• Iran’s foreign ministry spokesman said the attack was “an expression of the aggressive behavior of the child-killing Israeli regime.”

TEHRAN: Iran has condemned Israel’s deadly retaliatory strike on the Houthi-controlled port of Hodeidah in Yemen that the miltia say killed six people and wounded dozens more.
Late on Saturday, Iran’s foreign ministry spokesman Nasser Kanani “strongly condemned” the attack saying it was “an expression of the aggressive behavior of the child-killing Israeli regime.”
Israeli warplanes on Saturday struck the vital port of Hodeidah in response to a deadly drone attack by the Iran-backed Houthis on Tel Aviv, which killed one civilian.
The Houthis have since threatened a “huge” retaliation against Israel.
Kanani added that Israel and its supporters, including the United States, were “directly responsible for the dangerous and unpredictable consequences of the continued crimes in Gaza, as well as the attacks on Yemen.”
Regional tensions have soared since the start of the Israel-Hamas war in October, drawing in Iran-backed militant groups in Syria, Lebanon, Iraq, and Yemen.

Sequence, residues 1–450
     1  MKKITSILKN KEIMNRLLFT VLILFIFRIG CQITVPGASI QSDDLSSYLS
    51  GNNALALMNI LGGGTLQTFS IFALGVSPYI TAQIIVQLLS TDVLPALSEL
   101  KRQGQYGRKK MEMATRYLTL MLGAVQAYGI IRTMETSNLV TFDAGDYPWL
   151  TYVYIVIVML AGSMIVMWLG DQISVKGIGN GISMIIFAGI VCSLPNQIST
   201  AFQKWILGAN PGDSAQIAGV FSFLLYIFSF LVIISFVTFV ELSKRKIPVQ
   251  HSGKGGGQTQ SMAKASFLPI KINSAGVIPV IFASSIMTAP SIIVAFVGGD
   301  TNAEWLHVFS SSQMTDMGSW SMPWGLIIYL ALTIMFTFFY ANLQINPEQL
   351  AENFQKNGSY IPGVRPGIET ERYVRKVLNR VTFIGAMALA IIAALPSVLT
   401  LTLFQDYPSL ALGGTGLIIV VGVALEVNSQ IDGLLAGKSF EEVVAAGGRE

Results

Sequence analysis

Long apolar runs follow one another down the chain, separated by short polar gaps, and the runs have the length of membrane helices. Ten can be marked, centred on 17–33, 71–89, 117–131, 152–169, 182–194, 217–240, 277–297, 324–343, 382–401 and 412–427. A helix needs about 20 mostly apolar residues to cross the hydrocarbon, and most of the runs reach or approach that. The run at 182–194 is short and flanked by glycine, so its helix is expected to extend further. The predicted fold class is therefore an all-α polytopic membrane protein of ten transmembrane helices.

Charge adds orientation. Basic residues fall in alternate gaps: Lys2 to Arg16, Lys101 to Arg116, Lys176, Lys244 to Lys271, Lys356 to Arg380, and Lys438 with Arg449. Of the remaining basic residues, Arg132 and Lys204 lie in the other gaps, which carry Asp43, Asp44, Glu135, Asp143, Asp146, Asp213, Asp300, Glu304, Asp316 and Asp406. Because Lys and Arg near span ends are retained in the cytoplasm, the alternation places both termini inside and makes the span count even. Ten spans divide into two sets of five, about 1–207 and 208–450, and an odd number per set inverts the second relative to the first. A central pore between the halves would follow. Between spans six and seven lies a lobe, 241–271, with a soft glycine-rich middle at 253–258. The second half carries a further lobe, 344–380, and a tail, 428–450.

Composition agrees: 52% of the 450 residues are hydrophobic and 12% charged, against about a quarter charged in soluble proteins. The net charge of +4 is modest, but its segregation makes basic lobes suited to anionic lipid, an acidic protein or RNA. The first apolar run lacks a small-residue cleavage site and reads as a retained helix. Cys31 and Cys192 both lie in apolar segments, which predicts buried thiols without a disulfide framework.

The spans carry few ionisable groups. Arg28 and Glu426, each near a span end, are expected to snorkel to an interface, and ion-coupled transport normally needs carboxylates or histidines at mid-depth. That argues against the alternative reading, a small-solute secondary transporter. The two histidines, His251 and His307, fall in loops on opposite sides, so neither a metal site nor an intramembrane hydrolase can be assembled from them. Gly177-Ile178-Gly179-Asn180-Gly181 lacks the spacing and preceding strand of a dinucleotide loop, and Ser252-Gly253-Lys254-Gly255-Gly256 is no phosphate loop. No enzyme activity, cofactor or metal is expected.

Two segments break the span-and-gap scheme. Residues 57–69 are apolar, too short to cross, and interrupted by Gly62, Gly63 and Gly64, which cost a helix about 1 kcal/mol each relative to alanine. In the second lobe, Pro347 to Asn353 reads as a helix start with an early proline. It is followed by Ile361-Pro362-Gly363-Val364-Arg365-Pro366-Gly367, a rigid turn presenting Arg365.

Yemen’s Houthis, along with the Hezbollah group in Lebanon, and Hamas in Gaza are part of a Tehran-aligned “axis of resistance” against Israel and its allies.
The Islamic republic has reiterated support for the groups but insisted they were independent in their decision-making and actions.


Archaeologists in Bahrain unearth Gulf’s earliest Christian structure

Updated 4 sec ago
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Archaeologists in Bahrain unearth Gulf’s earliest Christian structure

  • Located in Samahij, in the Bahraini city of Muharraq, the unearthed structure is considered “the first material evidence of this ancient community”
  • Digging at the site commenced at a mound within the Samahij cemetery, where archaeologists discovered the remains of a mosque.

DUBAI: Bahraini and British archaeologists say they have discovered what is believed to be the first Christian structure in the Arabian Gulf, dating back to the fourth century.

Located in Samahij, in the Bahraini city of Muharraq, the unearthed structure is considered “the first material evidence of this ancient community,” according to the Bahrain National Communications Center.